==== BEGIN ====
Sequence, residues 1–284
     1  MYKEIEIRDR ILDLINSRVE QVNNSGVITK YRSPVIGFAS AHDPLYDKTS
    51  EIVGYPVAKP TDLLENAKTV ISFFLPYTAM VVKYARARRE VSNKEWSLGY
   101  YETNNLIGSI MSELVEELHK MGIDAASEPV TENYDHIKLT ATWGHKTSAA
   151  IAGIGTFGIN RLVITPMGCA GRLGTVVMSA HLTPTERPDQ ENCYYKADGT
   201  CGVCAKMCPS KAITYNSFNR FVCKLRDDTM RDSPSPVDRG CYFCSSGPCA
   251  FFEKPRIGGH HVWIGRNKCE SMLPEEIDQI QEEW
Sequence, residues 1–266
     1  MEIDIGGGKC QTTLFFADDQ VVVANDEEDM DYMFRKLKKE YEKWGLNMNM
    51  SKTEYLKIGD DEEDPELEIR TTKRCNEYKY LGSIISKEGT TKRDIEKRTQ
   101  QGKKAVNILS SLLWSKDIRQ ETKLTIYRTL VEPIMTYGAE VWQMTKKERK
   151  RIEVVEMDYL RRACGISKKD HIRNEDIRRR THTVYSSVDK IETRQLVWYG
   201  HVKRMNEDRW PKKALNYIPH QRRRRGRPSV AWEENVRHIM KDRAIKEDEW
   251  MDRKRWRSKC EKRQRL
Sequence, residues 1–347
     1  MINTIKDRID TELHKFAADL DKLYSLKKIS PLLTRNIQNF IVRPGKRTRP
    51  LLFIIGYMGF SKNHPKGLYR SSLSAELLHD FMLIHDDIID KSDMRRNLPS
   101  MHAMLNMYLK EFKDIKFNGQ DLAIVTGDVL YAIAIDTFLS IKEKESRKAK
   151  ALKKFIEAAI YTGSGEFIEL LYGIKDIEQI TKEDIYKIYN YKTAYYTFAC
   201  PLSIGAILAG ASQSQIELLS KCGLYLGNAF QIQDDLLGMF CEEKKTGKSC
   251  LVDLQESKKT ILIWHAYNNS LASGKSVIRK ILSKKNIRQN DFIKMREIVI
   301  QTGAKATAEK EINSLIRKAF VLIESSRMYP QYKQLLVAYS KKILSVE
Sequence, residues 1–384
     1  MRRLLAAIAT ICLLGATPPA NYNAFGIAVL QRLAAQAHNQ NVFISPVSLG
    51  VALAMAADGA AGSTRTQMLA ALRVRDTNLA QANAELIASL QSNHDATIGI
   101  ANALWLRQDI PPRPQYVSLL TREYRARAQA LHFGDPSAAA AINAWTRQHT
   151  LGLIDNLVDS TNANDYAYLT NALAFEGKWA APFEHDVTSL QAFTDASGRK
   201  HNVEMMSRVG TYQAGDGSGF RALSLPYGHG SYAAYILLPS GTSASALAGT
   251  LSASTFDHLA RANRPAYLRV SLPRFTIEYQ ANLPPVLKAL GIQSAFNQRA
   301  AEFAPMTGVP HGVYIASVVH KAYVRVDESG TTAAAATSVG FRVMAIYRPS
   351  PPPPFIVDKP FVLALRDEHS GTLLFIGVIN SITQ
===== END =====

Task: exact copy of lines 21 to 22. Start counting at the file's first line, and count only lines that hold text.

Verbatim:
   251  LVDLQESKKT ILIWHAYNNS LASGKSVIRK ILSKKNIRQN DFIKMREIVI
   301  QTGAKATAEK EINSLIRKAF VLIESSRMYP QYKQLLVAYS KKILSVE